Browse Prior Art Database

Soft Error Rate Reduction in Trench Technology

IP.com Disclosure Number: IPCOM000107300D
Original Publication Date: 1992-Feb-01
Included in the Prior Art Database: 2005-Mar-21
Document File: 2 page(s) / 69K

Publishing Venue

IBM

Related People

Hsieh, CM: AUTHOR [+4]

Abstract

Soft Error Rate (SER) is becoming an increasing problem as dimensions of devices are reduced further and further, so that it takes less charge to trigger a soft error. This article describes one possible process solution to this problem when trenches are included in the technology in question. Basically, an N+ region is added near the trench bottom; the depletion region from this N+ area acts to collect the charge generated from an alpha-particle or cosmic ray hit.

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Soft Error Rate Reduction in Trench Technology

       Soft Error Rate (SER) is becoming an increasing problem
as dimensions of devices are reduced further and further, so that it
takes less charge to trigger a soft error.  This article describes
one possible process solution to this problem when trenches are
included in the technology in question.  Basically, an N+ region is
added near the trench bottom; the depletion region from this N+ area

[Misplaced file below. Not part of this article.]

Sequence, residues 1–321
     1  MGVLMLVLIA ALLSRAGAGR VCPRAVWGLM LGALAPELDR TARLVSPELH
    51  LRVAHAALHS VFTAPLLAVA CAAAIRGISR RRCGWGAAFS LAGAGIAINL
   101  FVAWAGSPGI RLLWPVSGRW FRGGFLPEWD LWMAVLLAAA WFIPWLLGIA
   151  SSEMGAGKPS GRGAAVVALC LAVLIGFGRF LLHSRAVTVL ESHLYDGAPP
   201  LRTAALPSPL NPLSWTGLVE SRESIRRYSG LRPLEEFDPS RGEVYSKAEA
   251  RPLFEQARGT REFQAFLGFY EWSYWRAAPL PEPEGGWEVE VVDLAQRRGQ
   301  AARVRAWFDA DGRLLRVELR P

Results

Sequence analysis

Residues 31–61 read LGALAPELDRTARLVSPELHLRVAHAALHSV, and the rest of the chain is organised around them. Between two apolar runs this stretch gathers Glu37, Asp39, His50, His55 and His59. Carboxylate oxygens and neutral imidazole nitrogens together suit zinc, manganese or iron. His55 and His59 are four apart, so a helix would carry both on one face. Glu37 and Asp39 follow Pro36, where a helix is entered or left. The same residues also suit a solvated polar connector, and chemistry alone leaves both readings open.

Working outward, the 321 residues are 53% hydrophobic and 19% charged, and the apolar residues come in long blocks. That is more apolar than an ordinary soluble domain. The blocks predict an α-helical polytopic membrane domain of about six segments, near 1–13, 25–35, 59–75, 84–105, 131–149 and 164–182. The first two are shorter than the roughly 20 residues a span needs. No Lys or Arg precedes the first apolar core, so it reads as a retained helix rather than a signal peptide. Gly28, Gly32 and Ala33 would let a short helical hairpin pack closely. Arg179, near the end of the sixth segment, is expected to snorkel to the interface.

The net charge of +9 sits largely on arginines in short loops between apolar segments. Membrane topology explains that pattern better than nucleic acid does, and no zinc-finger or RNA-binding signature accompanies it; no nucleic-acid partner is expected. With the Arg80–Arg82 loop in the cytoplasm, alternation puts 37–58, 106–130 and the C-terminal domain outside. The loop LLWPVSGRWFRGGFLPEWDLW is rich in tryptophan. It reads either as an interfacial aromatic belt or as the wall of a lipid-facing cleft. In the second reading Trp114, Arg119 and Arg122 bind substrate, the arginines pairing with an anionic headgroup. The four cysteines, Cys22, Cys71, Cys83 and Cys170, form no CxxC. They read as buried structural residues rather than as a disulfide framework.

acts to collect the charge generated from an alpha-particle or cosmic
ray hit.

      In the structure shown in Fig. 1, the presence of the N+ region
surrounding the bottom portion of trench results in a depletion
region that spreads laterally across the opening beneath the device
region.  If the spacing from trench to trench is small enough, the
depletion regions from the trenches will almost close off the device
regions above; in this case, most of charge from an alpha-particle
hit will be collected in these depletion regions, rather than travel
upward to be collected by a sensitive device node.

      One method for making this structure is as follows:
      a.   Use a conventional trench process to etch the trench
region, grow an oxide liner, line it with nitride and RIE open the
bottom.
      b.   PSG is then deposited by CVD or PECVD methods into the
open bottom trench.  This material will act as a source of phosphorus
for the formation of the N+ trench bottom when a drive-in cycle is
added as shown...